However, he had the good sense to surround himself with people who are very funny. Because of that, Zoolander works in fits and starts.

The Disc Grades: Picture B+/ Audio B/ Bonus B-

Zoolander appears in an aspect ratio of approximately 2.35:1 on this Blu-ray Disc. Though the image didn’t leap off the screen, it seemed positive.

Overall sharpness worked well. A few interiors could be a smidgen soft, but not to a notable degree, so the majority of the film provided solid delineation. Jagged edges and moiré effects caused no concerns, and I also detected no evidence of edge enhancement. As for print flaws, I noticed no specks, marks or other concerns.

Colors nicely bright and vibrant. Zoolander went with a peppy palette, and the tones came across as accurate and vivid. Black levels seemed deep and dense, while shadow detail was appropriately thick but not excessively opaque. This ended up as a pleasing presentation.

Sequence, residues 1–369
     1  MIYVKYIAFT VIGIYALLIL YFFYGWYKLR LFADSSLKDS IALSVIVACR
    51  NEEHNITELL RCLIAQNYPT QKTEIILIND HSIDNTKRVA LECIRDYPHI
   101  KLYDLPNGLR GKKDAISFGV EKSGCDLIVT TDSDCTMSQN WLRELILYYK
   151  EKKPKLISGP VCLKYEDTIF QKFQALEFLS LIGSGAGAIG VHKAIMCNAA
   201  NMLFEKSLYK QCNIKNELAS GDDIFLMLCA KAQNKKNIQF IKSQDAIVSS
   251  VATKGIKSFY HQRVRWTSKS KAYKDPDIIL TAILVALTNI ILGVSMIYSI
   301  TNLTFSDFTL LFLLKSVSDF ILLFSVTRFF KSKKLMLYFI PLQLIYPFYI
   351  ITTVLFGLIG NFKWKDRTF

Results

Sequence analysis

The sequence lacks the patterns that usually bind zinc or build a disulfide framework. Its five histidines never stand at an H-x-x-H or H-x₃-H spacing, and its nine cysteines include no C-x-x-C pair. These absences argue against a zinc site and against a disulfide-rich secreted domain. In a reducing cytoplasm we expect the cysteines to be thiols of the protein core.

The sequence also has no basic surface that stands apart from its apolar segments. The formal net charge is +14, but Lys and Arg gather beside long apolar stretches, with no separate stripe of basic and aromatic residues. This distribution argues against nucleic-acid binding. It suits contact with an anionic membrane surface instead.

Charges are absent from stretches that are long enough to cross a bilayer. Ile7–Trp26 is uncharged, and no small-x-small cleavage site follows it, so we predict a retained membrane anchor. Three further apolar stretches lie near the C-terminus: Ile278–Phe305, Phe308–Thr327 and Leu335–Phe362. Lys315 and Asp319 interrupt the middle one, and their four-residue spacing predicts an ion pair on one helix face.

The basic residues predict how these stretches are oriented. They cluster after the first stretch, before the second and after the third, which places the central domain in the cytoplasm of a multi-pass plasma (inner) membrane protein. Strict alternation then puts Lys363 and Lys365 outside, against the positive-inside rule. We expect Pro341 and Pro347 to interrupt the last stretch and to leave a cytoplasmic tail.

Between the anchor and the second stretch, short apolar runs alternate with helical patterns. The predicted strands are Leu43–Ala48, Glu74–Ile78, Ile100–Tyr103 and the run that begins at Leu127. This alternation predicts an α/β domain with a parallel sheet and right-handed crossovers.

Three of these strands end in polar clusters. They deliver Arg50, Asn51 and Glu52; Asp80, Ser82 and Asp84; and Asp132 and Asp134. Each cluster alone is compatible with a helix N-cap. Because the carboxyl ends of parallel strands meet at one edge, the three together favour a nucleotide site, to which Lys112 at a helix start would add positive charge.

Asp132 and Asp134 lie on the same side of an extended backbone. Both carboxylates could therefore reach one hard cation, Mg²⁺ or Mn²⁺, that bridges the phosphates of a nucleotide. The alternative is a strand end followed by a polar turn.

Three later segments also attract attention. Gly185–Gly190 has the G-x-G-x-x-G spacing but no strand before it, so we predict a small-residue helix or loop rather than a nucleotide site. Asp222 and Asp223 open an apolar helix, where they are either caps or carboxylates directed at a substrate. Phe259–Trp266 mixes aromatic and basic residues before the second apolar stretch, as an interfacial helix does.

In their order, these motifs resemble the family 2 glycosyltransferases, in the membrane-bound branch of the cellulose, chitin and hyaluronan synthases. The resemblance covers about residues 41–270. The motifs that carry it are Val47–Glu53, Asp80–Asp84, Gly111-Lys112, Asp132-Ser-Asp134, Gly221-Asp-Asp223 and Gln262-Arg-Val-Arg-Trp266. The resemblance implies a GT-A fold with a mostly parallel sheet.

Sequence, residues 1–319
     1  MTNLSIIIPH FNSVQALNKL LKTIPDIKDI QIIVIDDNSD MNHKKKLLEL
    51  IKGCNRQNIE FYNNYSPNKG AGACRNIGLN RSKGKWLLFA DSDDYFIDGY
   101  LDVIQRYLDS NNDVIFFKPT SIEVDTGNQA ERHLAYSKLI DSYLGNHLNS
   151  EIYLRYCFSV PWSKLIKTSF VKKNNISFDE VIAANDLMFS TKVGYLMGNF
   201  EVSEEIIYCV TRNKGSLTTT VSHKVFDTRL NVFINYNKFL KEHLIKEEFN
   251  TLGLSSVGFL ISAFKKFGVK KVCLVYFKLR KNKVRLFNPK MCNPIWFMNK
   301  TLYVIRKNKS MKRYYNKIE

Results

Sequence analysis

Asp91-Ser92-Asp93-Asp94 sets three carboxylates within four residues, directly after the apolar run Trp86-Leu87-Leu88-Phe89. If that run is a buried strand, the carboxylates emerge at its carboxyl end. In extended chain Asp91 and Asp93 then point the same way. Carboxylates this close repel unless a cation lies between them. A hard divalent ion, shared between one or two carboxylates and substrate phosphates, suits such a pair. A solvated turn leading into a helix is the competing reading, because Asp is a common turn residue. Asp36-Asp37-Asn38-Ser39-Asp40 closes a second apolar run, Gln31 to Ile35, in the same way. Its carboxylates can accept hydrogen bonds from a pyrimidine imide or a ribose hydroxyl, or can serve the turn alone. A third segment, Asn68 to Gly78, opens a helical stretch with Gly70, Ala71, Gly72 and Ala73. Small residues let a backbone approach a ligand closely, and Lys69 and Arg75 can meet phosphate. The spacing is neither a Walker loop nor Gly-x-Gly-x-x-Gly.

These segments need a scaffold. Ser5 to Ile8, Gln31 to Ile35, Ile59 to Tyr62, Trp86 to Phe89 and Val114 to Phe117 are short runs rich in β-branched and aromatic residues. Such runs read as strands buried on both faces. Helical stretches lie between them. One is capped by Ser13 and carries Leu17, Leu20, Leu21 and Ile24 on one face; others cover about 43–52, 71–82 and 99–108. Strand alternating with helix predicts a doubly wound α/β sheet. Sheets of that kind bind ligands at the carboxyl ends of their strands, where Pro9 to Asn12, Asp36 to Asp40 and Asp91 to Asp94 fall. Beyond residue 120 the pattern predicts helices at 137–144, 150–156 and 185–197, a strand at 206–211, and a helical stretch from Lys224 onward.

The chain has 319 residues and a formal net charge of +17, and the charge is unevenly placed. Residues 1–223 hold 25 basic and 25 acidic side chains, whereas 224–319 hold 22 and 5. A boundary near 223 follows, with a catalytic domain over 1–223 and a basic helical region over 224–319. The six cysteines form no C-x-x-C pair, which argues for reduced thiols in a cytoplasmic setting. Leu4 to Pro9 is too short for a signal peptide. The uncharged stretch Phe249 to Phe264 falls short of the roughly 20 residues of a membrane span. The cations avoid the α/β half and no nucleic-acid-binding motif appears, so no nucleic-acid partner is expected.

I also felt happy with the DTS-HD MA 5.1 soundtrack of Zoolander. As with most comedies, the film’s soundfield stayed fairly heavily oriented toward the front channels, where it presented fine presence and stereo imaging. Music seemed to spread broadly across the speakers, while effects were appropriately localized and they blended together neatly.

The surrounds usually offered general reinforcement of the front audio, but they kicked in with some unique material at times. For example, the “Relax” hypnotism sequence used the rears nicely, and a few other sequences contributed good activity. Overall, the soundfield appeared unspectacular, but it worked fine for this sort of material.

Audio quality was more than acceptable. Dialogue seemed reasonably natural and distinct, and I heard no problems related to edginess or intelligibility. Music was nicely bright and vibrant. Both songs and score showed fine range and clarity, and they contributed some terrific low-end elements at times.